Liberty didn’t take a position in the referendum. We are a cross-party, non-party membership organisation. Our role is to campaign for tolerance and fairness and hold the powerful to account.
Now, as we look to the future, we must continue to assert the values we aspire to. Compassion, respect, tolerance, dignity, fairness and justice. Human rights values that unite us and can help build consensus and progress where there is division and fear.
Liberty has written to Defence Secretary Michael Fallon to request a public inquiry into physical and sexual abuse at the Surrey barracks.
The call comes in the wake of the inquest into the death of Private Cheryl James – who died at Deepcut in 1995 – which exposed to public scrutiny the toxic, violent and sexualised environment in which Cheryl and other young soldiers lived.
The Attorney General has given consent for the family of Private Sean Benton – who died at Deepcut barracks 21 years ago – to apply to the High Court for a fresh inquest into the circumstances around his death.
Liberty, acting on behalf of Pte Benton’s twin brother Tony Benton and sister Tracy Lewis, lodged a formal application with the Attorney General on 8 July 2015 requesting that the original inquest of July 1995 be quashed and a fresh one ordered.
Responding to today's announcement that no charges will be brought over the allegations of the rendition of Abdel Hakim Belhaj, Sami al-Saadi and their families to Libya in 2004, Bella Sankey, Director of Policy for Liberty, said:
The Coroner in the inquest into the 1995 death of Private Cheryl James at Deepcut Barracks has today recorded a verdict of suicide, delivering a narrative verdict that severely criticised serious failures in duty of care at Deepcut barracks.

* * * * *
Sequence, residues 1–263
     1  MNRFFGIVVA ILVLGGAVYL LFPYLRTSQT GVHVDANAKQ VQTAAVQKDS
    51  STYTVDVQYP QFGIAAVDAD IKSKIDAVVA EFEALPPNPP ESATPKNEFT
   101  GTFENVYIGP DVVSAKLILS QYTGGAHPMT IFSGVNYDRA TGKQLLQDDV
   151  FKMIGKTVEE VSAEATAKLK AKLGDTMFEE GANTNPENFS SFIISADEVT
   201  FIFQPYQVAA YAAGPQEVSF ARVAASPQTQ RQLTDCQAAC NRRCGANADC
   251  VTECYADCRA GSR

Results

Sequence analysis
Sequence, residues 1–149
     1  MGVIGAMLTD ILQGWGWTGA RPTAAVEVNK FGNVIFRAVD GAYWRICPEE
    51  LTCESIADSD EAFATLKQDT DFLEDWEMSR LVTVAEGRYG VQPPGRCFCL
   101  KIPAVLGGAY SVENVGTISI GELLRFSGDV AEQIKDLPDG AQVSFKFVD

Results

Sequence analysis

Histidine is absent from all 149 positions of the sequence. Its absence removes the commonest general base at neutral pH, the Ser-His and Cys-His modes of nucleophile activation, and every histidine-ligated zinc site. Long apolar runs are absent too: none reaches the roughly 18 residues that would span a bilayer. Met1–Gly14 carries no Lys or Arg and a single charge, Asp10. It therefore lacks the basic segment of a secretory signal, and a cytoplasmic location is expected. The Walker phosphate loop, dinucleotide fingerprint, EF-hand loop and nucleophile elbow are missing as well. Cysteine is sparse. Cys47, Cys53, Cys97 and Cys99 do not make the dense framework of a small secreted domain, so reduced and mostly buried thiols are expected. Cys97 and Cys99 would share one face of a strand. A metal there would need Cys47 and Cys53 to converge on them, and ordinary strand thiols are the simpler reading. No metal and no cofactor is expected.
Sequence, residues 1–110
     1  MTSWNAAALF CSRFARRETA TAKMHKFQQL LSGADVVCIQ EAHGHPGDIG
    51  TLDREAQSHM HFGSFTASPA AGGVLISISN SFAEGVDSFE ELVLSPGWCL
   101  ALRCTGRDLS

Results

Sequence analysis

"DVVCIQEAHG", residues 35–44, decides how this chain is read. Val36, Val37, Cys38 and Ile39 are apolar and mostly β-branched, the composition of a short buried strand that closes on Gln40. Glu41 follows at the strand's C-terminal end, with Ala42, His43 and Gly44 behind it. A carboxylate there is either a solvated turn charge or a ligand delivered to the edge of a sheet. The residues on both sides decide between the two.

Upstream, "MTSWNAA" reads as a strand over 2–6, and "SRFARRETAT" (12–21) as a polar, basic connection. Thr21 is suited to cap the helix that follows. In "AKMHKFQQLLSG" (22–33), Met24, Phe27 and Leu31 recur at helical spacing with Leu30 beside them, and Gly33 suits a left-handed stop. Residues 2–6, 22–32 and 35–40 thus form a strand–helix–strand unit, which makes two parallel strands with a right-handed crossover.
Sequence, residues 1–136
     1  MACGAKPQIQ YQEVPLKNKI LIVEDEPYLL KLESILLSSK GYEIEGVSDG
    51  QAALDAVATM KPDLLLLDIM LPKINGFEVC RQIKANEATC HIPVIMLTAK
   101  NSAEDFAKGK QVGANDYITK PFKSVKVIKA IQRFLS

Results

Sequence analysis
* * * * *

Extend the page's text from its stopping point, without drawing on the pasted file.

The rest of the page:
Ten of the biggest names in British art are the latest voices to join the growing chorus condemning Government plans to repeal the Human Rights Act.
Inspired by the fight to retain universal human rights protections in UK law, David Birkin, Jake and Dinos Chapman, Mat Collishaw, Ruth Ewan, Rachel Howard, Harland Miller, Bob and Roberta Smith, Mark Titchner, Mark Wallinger and Sue Webster have each contributed a work to a one-off exhibition co-ordinated by Liberty.
Responding to today’s announcement in the Queen’s Speech of a Counter-Extremism and Safeguarding Bill, Rachel Robinson, Policy Officer at Liberty, said:
“We already have criminal law to deal with terrorism, hate speech and the incitement of violence, so all that’s left for these proposals to ban are people and views that the Government disagrees with. Powers to radically curb free speech will be placed in the hands of ministers who paint their political opponents as extremists and ‘threats to national security’.
Following today’s Queen’s Speech, the families of Private Cheryl James, Corporal Anne-Marie Ellement and Alice Gross have condemned the Government’s plans to scrap the Human Rights Act in favour of a weakened “British Bill of Rights”.
The three families, who are all represented by Liberty, are among many thousands of people who have used the Human Rights Act to hold the State to account for abuse, neglect, mistreatment and other failings.
A diverse coalition of more than 130 of the UK’s most prominent organisations – ranging from religious and professional bodies to law firms, unions, environmental charities and the families of terrorism victims – have today publicly committed to oppose any attempt to repeal the Human Rights Act.